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Mesh-Geometry Associativity using Fidelity Pointwise MeshLink Framework

A framework has been developed for describing how a computational mesh is associated with the geometry model it discretizes. The target application of this framework is surface mesh adaptation in a CFD flow solver. The framework, MeshLink, consists of two components. First, a schema has been defined to describe the one-to-many associativity of a surface mesh to the geometry model entities to which it is attached. Second, a high-level library provides a kernel-agnostic wrapper for the necessary geometry queries to an application (e.g., mesher, flow solver). Both the schema and library are provided freely and openly. MeshLink’s ability to support solution mesh adaptation on linear and curved meshes for a high-order flow solution is demonstrated in several test cases relevant to aerospace applications.

Why is Linkage with CAD Important in CFD?

The CFD 2030 Vision Study identified an “inadequate linkage with CAD” as a pacing item in the advancement of applied CFD. Beyond interoperability and suitability for simulation, the CFD flow solvers need to evaluate the geometry model (e.g., compute curvature, project mesh points onto the model) and perform those evaluations in a tightly-coupled, low-overhead manner within a massively parallel computational environment.
A flow solver typically limits its mesh associativity queries to boundary conditions (BC) (e.g., wall, symmetry plane, outflow) and volume conditions (VC) (e.g., fluid, porous media, solid). Even if one were to assume that all wall BC mesh points are on the geometry model, there is no data to identify exactly where on the geometry model those points belong.
To make matters more complicated, some surface mesh points are constrained to curve entities. This additional complication arises because the computation of intersection curves is a tolerance-based fit of discrete points. Knowing whether the mesh points adhere to the intersection curve or one or the other of its parent surfaces is critical to the robust use of the geometry model.

Mesh-Geometry Associativity

The term geometry association is used to denote the relationship between a mesh element and the supporting computational geometry model used to constrain the location of the mesh element in Cartesian space. 

MeshLink provides access to several geometry kernels, and the Fidelity™ Pointwise® Geode kernel in MeshLink is tuned to the needs of engineering simulation; that is, its capabilities and performance are biased toward evaluations and inverse evaluations versus providing a breadth of geometry creation functionality. The development of the Geode kernel is a response to the NASA CFD Vision 2030 Study's identification of the lack of CFD software access to geometry.

Figure 1. MeshString and MeshSheet topology objects contain MeshEdge and MeshFace elements.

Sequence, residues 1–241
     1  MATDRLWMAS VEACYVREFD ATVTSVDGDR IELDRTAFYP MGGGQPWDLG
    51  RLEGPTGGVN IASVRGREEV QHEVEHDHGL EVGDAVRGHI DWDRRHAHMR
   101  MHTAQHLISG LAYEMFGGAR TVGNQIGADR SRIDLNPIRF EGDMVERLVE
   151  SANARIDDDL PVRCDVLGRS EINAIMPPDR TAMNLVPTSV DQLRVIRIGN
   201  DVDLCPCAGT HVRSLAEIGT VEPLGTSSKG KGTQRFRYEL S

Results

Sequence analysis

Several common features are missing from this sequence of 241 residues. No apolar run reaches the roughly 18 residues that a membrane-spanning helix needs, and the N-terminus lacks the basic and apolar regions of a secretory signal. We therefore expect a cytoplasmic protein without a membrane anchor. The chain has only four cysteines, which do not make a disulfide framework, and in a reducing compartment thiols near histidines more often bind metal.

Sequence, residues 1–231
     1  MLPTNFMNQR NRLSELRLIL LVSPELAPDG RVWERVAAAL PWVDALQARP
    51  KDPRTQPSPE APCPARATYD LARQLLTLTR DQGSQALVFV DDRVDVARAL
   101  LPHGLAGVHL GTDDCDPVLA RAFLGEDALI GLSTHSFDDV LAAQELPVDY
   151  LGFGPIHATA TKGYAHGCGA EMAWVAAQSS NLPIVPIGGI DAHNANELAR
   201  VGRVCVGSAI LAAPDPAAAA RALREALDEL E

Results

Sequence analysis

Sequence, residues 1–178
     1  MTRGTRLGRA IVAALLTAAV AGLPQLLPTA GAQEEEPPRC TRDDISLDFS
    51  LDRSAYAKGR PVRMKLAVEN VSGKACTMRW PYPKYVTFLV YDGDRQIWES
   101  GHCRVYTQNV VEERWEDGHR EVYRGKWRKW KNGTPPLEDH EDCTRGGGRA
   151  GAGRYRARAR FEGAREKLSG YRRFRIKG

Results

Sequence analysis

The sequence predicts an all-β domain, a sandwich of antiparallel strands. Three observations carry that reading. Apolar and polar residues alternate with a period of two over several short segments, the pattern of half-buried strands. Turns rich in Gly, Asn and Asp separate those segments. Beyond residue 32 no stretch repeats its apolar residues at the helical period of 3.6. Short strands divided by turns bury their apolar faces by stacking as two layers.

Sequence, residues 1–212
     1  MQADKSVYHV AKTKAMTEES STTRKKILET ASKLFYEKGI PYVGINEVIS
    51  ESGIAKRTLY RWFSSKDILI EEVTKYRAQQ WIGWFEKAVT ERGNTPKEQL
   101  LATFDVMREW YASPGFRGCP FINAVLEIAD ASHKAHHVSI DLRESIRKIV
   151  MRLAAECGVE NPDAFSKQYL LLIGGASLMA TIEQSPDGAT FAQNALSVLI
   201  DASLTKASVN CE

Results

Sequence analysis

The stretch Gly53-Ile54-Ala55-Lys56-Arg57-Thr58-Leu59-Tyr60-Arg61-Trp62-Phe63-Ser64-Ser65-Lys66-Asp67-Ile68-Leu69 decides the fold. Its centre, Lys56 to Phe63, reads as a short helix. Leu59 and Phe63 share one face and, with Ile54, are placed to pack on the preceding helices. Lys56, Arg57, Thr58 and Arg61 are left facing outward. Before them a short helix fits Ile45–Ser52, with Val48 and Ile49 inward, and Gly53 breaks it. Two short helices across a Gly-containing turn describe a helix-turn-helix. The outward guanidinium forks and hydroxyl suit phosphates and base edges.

The MeshLink Library defines a Geometry Group object that provides a unique integer identifier for the computational geometry entity(s) associated with a mesh element. The Geometry Group identifier allows:

  • Mesh associativity both to a single geometry entity and to multiple geometry entities using a common API 
  • Efficient representation of repeated geometry association for multiple mesh entities

MeshLink File and Schema

The MeshLink file defines geometry associativity in a mesh-centric manner, using the associativity data in a simulation framework. Geometry entities are given a unique global identifying integer termed the geometry reference ID (gid).

What is a MeshLink File?

A MeshLink file is an open, neutral file format designed and documented for the transfer of mesh geometry associativity data. The MeshLink file connects geometry entities contained in the geometry data file with mesh elements contained in the mesh data file and could be considered the configuration’s master file.

The MeshLink XML file format complies with the XML Schema Definition (XSD) standard. Since the XML file is validated against the MeshLink XSD, consistency can be ensured across a variety of implementations while still allowing flexibility of use for any given application. 

The MeshLInk schema, as shown in Figure 2, was designed to allow maximum flexibility for a given application. For example, the content of a MeshSheet (collection of surface-like mesh elements) is not rigidly defined to allow an application the freedom to define its structure.

Figure 2. MeshLink XML Schema Hierarchy.

The MeshLink file is an ASCII XML text file that ensures portability between hardware platforms. Moreover, the XML standard allows comment strings, making the file human-readable and allowing an application to provide context for debugging purposes.